I have a collection of photographs of different types of bike parking, and I added two more types in my June 2016 trip to Montreal:
2016 July 4
2013 January 3
A couple of days ago in Is coding for everyone?, I wrote
Atwood makes an analogy to everyone learning to do plumbing, as if that were a ridiculous idea. Personally, I think that everyone should learn a little plumbing: enough to clear a toilet or sink trap, or replace a faucet washer, and to know when to call in a professional plumber.
So, naturally, yesterday the kitchen faucet started dripping for the first time in about 15 years. I figured I knew how to change a faucet washer, and that it would just take a few minutes today. Ha!
The first problem was that the faucet had not been opened up in so long that the threads had seized, so it took two people to get it apart: one under the sink holding onto the valve body with channel-lock pliers, the other using a lot of leverage with an 8″ adjustable wrench. Even that wasn’t enough, so I had to go down to the hardware store for some penetrating oil and let it soak in for a while.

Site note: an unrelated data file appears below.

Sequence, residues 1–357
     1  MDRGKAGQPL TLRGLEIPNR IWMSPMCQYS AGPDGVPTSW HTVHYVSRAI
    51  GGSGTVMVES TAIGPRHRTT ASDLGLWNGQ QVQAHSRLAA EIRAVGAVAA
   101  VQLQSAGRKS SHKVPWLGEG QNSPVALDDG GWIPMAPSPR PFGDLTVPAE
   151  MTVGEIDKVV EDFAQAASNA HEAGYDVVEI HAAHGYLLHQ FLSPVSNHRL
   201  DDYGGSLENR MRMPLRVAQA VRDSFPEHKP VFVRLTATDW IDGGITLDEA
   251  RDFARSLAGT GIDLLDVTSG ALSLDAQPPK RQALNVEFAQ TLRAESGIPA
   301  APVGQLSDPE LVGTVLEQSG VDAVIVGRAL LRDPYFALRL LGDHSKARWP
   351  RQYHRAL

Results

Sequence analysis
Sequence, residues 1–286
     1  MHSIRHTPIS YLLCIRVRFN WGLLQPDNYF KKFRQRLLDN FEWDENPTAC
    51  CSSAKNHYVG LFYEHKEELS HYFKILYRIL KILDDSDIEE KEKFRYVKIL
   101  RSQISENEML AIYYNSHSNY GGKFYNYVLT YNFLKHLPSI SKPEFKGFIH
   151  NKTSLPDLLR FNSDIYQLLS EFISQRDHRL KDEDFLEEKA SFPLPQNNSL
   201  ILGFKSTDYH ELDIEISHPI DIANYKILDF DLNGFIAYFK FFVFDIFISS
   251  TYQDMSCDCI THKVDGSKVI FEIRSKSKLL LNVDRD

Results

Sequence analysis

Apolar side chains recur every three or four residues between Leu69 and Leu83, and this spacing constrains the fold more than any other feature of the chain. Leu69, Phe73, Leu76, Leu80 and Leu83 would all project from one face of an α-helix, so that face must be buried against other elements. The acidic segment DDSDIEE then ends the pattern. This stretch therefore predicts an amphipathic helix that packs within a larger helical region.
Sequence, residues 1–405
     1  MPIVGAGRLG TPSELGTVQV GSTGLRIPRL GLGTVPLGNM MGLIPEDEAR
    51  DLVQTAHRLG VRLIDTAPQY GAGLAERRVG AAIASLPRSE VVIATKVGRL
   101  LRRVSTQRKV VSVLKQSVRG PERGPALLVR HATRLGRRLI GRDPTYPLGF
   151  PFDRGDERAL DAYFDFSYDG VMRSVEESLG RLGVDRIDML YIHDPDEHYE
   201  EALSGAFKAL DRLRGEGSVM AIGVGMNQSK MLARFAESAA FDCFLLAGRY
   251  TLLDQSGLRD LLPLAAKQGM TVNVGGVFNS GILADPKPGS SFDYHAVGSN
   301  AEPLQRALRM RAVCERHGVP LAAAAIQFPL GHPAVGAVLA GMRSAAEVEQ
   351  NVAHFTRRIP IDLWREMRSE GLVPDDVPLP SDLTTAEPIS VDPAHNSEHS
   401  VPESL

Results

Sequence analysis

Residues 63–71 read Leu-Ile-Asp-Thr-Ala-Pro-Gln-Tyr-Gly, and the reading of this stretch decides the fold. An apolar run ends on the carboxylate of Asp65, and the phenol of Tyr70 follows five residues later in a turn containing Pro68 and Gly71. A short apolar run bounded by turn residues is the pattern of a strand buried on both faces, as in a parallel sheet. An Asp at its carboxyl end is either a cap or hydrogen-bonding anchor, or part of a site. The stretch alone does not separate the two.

Eventually, the threads eased up and the the faucet came apart. But there was no washer to replace. Instead what I had was a Grohe washerless faucet cartridge. The Grohe cartridges are pretty good (which is why I hadn’t had to do anything with the kitchen faucet in so long), but when they fail, there’s not much you can do but replace the cartridge.
I tried smearing everything with vaseline and replacing the cartridge, just in case the problem was with the rubber gaskets, but the drip continued as before.
Unfortunately, the local hardware store does not carry Grohe parts (too upscale for Ace Hardware), so I had to bicycle 3.7 miles across town to Bay Plumbing, the closest place I could find that stocked the part. I was pleased that their prices were essentially the same as I would have paid online (cheaper than some of the online places), and I could get the part immediately, rather than waiting 3–5 business days for delivery.